GSE Celebrates Leaders in Catholic EducationContact: Nina Romeo
The Graduate School of Education (GSE) honored top Catholic educators at the 17th annual Catholic School Executive Leadership Dinner on May 17 at the Lincoln Center campus.
Keynote speaker Mary Hughes, O.P., prioress of the Sisters of St. Dominic in Amityville, N.Y., celebrated the communion of Catholic educators—men and women, lay and religious—who work together to express their charisms, the “graces of the Holy Spirit that directly or indirectly benefit the church,” she said.
While each order, whether Dominican, Franciscan, Jesuit or any other, is able to manifest a particular aspect of God, “put us all together in the church and we begin to offer, corporately, some sense of who God is and of God’s enormous love for us,” she said.
Sister Hughes, who is also the president of the Leadership Conference of Women Religious, recounted the inspiration she found in a recent Ellis Island Immigration Museum exhibit titled “Women and Spirit: Catholic Sisters in America.”
Through the acts of the women religious chronicled in the exhibit, “you see the enormity of God’s plan,” she said, adding that their work in schools for the poor, for children of color, and in colleges and universities offers a glimpse into the imagination of God.
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|Mary Hughes, O.P., says that the work of women religious in schools and universities offers a glimpse into the imagination of God.
Photo by Bruce Gilbert
While Sister Hughes noted the challenges faced now in Catholic schools—including changes in family structure, diminishing church attendance and daunting economic constraints—she recalled the virtue of hope that propelled earlier Catholic educators.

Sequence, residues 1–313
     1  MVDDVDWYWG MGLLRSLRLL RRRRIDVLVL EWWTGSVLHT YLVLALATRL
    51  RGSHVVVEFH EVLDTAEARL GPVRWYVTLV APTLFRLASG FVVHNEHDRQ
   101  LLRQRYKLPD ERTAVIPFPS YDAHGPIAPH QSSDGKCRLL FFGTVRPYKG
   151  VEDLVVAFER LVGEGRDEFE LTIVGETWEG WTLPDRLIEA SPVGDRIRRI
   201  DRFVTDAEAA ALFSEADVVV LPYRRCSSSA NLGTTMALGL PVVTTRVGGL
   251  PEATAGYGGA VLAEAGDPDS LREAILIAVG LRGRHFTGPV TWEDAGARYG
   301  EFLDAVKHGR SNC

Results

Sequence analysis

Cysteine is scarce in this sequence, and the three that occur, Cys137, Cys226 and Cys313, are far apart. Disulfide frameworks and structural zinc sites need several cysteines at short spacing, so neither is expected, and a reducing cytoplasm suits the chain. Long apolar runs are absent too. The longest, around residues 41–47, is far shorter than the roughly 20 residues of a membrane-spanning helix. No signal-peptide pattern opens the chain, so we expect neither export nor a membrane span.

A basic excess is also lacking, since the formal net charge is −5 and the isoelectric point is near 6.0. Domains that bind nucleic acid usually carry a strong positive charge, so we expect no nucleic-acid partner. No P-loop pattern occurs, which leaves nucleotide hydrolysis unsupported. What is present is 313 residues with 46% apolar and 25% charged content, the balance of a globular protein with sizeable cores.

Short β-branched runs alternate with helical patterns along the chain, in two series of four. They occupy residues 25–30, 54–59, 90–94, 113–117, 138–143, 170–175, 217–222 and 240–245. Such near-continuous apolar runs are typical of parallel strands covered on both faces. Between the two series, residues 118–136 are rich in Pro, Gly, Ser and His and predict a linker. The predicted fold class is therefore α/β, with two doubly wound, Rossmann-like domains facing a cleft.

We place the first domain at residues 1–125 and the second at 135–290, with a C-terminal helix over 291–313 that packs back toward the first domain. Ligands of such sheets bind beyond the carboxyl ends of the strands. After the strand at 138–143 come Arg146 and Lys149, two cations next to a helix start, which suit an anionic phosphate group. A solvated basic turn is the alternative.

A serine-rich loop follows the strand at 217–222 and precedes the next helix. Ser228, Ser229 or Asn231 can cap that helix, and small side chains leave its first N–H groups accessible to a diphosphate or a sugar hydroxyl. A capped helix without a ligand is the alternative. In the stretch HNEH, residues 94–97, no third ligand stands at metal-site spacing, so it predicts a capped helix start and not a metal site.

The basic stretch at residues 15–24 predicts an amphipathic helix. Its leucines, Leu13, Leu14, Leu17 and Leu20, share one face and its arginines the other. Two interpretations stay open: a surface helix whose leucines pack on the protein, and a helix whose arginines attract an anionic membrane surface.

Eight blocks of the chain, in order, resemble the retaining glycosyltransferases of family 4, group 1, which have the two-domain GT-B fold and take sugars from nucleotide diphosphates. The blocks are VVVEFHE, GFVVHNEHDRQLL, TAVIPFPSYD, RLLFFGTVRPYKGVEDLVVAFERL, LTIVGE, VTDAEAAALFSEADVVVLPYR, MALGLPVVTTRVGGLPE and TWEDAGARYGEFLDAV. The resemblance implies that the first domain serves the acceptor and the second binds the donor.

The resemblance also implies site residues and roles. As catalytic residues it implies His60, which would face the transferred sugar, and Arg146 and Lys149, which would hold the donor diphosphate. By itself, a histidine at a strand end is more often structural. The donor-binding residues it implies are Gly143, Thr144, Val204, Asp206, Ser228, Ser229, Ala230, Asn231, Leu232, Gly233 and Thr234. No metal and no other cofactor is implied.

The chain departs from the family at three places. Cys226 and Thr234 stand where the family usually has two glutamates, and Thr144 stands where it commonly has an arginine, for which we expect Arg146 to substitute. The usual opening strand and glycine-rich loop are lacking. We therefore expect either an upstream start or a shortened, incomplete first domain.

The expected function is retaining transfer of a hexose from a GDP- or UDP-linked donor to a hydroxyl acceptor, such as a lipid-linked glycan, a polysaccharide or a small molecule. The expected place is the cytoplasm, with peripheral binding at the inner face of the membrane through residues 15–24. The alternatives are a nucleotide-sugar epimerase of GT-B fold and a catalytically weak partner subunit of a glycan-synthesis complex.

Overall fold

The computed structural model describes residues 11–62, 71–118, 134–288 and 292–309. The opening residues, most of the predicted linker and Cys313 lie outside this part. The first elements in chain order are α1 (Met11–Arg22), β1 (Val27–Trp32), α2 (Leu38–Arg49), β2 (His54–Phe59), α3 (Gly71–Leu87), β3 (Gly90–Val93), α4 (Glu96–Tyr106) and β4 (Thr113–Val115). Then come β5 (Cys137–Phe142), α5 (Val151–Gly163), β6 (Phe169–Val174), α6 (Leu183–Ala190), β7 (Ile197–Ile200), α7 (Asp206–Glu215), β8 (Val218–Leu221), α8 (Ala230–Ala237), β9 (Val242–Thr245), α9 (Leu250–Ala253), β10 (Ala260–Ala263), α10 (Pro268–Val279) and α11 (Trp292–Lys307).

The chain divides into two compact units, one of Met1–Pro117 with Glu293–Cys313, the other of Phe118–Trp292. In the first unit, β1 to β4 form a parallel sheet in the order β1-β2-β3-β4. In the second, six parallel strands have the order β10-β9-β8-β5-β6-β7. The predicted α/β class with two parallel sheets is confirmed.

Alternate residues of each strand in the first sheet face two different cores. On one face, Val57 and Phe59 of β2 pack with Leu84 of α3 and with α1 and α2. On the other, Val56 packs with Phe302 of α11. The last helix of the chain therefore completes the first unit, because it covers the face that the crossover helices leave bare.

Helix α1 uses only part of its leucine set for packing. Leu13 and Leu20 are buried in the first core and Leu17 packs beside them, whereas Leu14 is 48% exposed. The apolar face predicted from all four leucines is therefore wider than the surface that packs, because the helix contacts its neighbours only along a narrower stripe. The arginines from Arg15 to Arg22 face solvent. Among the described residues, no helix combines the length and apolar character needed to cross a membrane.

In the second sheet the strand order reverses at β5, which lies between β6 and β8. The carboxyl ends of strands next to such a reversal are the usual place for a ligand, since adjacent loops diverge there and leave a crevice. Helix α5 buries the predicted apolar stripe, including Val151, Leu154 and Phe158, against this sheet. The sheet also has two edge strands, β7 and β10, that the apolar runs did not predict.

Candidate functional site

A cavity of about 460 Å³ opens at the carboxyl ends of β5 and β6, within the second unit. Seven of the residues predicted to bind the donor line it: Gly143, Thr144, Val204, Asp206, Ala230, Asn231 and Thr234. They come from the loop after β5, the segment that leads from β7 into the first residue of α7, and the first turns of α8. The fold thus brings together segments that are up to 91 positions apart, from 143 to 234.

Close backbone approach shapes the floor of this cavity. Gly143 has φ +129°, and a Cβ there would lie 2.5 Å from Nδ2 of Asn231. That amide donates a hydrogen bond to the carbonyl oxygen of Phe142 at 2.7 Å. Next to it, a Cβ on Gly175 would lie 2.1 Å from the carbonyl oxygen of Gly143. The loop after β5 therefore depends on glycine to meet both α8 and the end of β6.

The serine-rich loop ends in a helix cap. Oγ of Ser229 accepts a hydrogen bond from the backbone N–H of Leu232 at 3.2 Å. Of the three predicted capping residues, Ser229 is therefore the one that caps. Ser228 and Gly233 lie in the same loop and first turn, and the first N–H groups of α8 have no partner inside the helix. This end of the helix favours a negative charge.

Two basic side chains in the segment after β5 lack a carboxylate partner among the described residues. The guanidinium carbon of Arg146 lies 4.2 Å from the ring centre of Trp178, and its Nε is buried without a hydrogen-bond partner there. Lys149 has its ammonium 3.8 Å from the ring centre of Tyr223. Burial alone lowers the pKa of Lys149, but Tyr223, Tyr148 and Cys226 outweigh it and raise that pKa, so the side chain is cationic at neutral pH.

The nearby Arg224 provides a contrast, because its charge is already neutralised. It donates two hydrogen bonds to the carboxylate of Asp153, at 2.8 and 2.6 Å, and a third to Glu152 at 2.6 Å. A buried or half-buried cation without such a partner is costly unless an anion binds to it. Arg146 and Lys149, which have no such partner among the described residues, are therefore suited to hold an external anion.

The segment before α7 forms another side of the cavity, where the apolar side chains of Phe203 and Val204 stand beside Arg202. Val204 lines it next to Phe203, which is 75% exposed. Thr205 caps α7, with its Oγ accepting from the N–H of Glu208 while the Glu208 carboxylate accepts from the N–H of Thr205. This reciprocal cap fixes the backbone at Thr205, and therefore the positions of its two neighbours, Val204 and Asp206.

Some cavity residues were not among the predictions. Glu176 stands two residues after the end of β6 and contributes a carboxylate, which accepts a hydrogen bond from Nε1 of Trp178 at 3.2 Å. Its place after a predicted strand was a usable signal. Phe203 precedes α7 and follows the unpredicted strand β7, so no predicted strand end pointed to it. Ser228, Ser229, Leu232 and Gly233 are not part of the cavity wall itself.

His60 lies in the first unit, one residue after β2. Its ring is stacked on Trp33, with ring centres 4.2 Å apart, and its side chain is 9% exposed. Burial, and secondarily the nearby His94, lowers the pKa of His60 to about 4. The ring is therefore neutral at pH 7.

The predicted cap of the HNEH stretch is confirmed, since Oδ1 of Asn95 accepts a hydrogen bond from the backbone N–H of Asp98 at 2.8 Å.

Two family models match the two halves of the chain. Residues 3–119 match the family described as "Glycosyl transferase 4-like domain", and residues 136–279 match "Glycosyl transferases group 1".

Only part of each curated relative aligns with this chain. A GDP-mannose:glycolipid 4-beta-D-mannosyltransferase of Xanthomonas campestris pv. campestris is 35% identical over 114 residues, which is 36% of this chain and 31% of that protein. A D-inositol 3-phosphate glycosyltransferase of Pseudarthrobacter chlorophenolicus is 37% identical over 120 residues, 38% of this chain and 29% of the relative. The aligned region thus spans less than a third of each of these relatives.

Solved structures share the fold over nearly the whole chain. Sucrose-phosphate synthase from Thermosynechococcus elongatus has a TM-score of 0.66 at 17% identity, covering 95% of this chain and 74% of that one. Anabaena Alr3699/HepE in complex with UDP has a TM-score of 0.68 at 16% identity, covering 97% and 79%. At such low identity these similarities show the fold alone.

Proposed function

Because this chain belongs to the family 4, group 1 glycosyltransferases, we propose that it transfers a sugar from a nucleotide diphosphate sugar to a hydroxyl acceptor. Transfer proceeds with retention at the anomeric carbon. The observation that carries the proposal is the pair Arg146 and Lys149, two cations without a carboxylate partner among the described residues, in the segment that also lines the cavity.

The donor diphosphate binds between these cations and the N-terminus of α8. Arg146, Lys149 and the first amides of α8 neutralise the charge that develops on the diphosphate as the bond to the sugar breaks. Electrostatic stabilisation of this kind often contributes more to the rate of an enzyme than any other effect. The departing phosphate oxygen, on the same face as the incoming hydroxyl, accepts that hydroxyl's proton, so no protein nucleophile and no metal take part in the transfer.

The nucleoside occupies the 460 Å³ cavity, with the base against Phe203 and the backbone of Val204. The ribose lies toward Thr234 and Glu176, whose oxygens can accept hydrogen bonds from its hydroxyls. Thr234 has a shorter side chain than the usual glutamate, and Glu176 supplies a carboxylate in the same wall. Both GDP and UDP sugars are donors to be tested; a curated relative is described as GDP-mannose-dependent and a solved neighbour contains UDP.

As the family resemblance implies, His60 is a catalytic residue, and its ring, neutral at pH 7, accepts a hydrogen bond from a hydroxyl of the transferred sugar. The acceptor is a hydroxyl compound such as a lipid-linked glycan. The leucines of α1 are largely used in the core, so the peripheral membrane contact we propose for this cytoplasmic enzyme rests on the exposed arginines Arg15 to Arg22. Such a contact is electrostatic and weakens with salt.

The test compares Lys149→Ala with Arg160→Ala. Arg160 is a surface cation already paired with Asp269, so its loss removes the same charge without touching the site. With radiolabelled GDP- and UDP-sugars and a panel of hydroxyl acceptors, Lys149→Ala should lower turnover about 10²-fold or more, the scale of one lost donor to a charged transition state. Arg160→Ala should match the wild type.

She urged those who work for Catholic education to embrace their charisms and to “pour them out lavishly and with abandon. They will bring us and others to God.”
This year’s honorees for significant contributions in the educational apostolate included:
• Kathleen V. Carlin, O.P., principal of St. Agnes Cathedral School in Rockville Center, N.Y.;
• Josephine Cioffi, I.H.M., principal of St. Ann School in Manhattan;
• Margaret Merritt, O.P., principal of St. Michael School in East New York;
• Jack Podsiadlo, S.J., president of New York Nativity in Manhattan;
• Steve Schlitte, F.M.S., principal of Mount St. Michael Academy in the Bronx; and
• Kathleen Sullivan, C.S.J., principal of St. Francis Xavier School in Brooklyn.
Joseph M. McShane, S.J. president of Fordham, thanked those in attendance and addressed the honorees by saying, “By coming to Fordham and being a part of this evening, you honor us. You have built the faith in ways we can only imagine.”
Father McShane paid special tribute to Bishop Jude Arogundade (GSE ’05), who was chosen in 2010 to lead the Diocese of Ondo in western Nigeria. Following Fordham tradition, Bishop Arogundade’s coat of arms will be added to the Bishop’s Lounge in Queen’s Court on the Rose Hill campus.
Father McShane praised the extraordinary work of all Catholic educators, and he drew a parallel between the educators’ efforts and the encounter between the risen Jesus and two of his disciples on the road to Emmaus.
“Emmaus is where Jesus catches up with you, walks along . . . and then in answer to all of your needs, he teaches and he feeds,” he said.
“You are the way that Jesus catches up with kids and their families because you walk with them, you tease out of them what it is that they are most concerned about . . . and then as Catholic educators, you reach into the rich storehouse of your heart . . . and you open up the life of the Lord for them through what you do and what you say,” Father McShane said.
Founded in 1841, Fordham is the Jesuit University of New York, offering exceptional education distinguished by the Jesuit tradition to approximately 14,700 students in its four undergraduate colleges and its six graduate and professional schools. It has residential campuses in the Bronx and Manhattan, a campus in Westchester, the Louis Calder Center Biological Field Station in Armonk, N.Y., and the London Centre at Heythrop College in the United Kingdom.